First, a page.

The short answer is enough protein, but not too much.
The long answer is as follows. Protein is of special nutritional importance during infancy, as protein is present in all living cells and it contributes to an structural development during infancy (e.g. laying down new tissues and strengthening them), as well as having important functional roles (e.g. proteins are incorporated into enzymes, hormones, neurotransmitters and a whole range of other important functional compounds).
All mammals produce milk to feed their little ones, but there are differences in the nutrient compositions between various mammalian milk types. For example, human milk has around 1 gram of protein per 100 mL milk. Compare this to cow’s milk, which has more than three times this amount, at around 3.4 grams protein per 100 mL.
Currently, infant formula are formulated to contain much less protein than ordinary cow’s milk, to approximate the lower protein levels seen in human breast milk, but there remain differences in protein levels, even between infant formula.
This is important, because recent research highlights that higher protein intakes during infancy may increase the risk of overweight and obesity in a child when they reach school age and beyond.
This is different in adults, where higher protein diets have been shown to have benefits, such as keeping us fuller for longer and reducing hunger pangs between meals so that we eat less, which may help us to lose body fat and gain muscle when combined with exercise… but not for babies and little ones.
The evidence for this starts with early observational studies, which identified that babies and toddlers (up to 2 years of age) with rapid weight gain had an increased risk of obesity later in life. Furthermore, those babies who were breastfed – and the longer the better – were far less likely to have such rapid weight gain and consequently had a lower risk of being overweight or obese years later. The magnitude of difference was in the range of a 15-25% lower rate of obesity in breastfed children, so the reason for the difference was one worth exploring.
While infant formula protein levels are much lower than dairy milk protein levels per 100 mL (in order to approximate breast milk protein levels), they still have higher protein levels than breast milk, just to make sure babies get enough of all the good proteins needed for growth. However, the net result of this is that exclusively formula fed babies typically consume more protein than breastfed babies during their first two years.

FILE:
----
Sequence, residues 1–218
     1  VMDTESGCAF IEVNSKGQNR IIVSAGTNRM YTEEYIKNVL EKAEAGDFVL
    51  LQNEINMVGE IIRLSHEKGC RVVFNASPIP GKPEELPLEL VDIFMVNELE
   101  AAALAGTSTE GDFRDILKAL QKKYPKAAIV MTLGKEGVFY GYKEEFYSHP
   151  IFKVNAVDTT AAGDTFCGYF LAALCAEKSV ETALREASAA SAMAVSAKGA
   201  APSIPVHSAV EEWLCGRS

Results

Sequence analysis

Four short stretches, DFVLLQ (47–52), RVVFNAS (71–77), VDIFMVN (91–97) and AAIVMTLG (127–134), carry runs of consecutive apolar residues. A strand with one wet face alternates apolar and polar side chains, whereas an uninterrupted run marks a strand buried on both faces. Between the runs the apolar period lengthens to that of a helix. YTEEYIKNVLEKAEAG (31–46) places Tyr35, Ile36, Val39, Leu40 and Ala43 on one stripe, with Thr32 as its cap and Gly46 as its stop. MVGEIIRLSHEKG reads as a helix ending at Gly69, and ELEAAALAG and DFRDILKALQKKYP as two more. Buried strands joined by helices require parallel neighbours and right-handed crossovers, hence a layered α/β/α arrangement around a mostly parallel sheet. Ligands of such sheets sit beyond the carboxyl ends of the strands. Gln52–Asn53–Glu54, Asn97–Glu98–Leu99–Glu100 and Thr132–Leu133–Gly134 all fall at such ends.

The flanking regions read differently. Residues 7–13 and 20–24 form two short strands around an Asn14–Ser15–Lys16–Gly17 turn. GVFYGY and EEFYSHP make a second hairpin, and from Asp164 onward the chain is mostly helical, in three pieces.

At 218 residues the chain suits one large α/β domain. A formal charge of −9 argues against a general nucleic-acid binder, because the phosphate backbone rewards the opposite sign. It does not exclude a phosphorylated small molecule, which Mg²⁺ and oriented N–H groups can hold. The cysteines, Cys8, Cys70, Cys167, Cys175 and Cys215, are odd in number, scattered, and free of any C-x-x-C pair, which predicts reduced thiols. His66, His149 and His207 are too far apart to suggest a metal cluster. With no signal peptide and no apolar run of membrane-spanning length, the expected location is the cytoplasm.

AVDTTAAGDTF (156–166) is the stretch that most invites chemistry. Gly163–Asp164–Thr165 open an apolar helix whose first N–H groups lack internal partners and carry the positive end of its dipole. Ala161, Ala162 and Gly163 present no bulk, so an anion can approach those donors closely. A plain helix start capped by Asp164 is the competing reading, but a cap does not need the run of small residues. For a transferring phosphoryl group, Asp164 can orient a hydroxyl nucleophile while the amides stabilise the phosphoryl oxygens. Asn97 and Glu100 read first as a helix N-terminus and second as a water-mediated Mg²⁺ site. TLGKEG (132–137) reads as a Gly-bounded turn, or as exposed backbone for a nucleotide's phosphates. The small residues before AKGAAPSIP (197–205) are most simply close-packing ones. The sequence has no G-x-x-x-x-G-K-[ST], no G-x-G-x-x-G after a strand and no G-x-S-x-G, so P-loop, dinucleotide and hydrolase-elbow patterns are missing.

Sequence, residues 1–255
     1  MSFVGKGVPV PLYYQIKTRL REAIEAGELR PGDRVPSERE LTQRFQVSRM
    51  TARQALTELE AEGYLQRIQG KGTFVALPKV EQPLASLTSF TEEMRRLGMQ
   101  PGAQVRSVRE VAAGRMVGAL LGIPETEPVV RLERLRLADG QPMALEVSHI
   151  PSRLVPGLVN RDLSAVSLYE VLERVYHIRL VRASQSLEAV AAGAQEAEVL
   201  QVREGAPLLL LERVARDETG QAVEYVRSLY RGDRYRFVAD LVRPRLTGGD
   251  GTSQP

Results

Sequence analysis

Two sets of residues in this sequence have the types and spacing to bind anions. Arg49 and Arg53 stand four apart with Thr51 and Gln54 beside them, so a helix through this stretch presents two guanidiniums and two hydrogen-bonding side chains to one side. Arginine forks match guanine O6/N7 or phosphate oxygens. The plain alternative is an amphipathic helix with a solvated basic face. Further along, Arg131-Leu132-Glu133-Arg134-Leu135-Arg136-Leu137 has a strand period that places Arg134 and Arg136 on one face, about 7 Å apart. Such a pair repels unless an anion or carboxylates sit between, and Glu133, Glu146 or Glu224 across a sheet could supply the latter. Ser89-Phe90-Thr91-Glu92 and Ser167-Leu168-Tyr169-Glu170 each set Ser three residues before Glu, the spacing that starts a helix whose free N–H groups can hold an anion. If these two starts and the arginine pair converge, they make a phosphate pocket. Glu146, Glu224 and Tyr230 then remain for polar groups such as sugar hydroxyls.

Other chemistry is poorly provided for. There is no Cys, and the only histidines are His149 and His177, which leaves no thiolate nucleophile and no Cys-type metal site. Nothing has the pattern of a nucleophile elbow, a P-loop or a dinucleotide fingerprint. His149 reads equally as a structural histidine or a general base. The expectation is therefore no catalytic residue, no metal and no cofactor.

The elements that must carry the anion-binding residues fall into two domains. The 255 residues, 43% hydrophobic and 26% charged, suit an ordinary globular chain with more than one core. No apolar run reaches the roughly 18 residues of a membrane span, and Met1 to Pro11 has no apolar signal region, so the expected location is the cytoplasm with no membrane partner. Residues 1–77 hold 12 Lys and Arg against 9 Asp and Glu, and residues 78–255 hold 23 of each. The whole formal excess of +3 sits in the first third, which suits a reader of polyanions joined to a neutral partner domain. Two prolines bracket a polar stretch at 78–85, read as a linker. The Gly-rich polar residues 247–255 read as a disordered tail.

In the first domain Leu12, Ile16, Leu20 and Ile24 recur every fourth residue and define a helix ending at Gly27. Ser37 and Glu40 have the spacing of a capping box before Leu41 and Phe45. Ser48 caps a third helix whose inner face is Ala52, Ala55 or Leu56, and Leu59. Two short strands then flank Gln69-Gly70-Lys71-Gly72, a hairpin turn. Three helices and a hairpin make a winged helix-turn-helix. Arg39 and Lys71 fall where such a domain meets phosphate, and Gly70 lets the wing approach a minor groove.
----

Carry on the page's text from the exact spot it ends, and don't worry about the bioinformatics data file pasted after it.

This observation lead researchers to hypothesise that the higher protein intakes could be driving the rapid weight gain observed in formula fed infants. The next step was to test this hypothesis, which is exactly what researchers from the European Childhood Obesity Project did…
Researchers compared three groups of infants. One was a group of infants who were breastfed exclusively for at least 3 months (the observational reference group). The other two groups were made up of formula fed babies, who were randomly allocated to receive either: 1) a conventional higher protein formula; or 2) a lower protein formula that was closer to that found in breast milk (although still slightly higher).
So, here’s what they found. From 6 months of age, the higher protein formula group had significantly higher weight, weight-for-length and body mass index (commonly known as BMI) compared to the lower protein formula group, but there were no differences in the length of babies by 12 months (so, babies were heavier, but not shorter). By 6 years of age, the differences between the groups were marked, with the higher protein group showing far higher BMI values and rates of overweight compared to the breastfed group.
The lower protein formula fed children were far closer to the breastfed group, such that by 6 years of age there was no significant difference between the groups. Thus, a lower protein formula normalised this risk in line with breastfeeding.
This research adds to our knowledge that “breast is best”. We have a fantastic uptake of breastfeeding in Australia, with 96% of mums choosing to do so from birth. However, there is a rapid drop off in rates, such that by 3 months only 39% of babies are exclusively breastfed and by 5 months, only 15%. Greater support from lactation consultants and other health professionals (as well as societal shifts in attitudes to breastfeeding) could significantly boost these rates, as well as the knowledge that breastfeeding is a skill which takes time for both mums and bubs to learn.
However, breastfeeding is not always possible or for a myriad of reasons, is not the choice made by a family. Modern formulas are improving all of the time and offer a safe alternative.
For now, parents can compare the protein content of currently available formulas and choose those at the lower end of the protein range. At the same time, regulation change is required, to allow even lower protein formulations to be produced.
Finally, we need more research to understand the implications of a higher protein intake beyond infancy and into the first few years of life. Until we understand more, it seems prudent to avoid excessively high protein intakes and instead focus on a broad range of whole foods and cutting back on the amounts of discretionary foods with a high energy-density and low nutrient-density.
See our Toddler section for healthy nutrition tips for toddlers.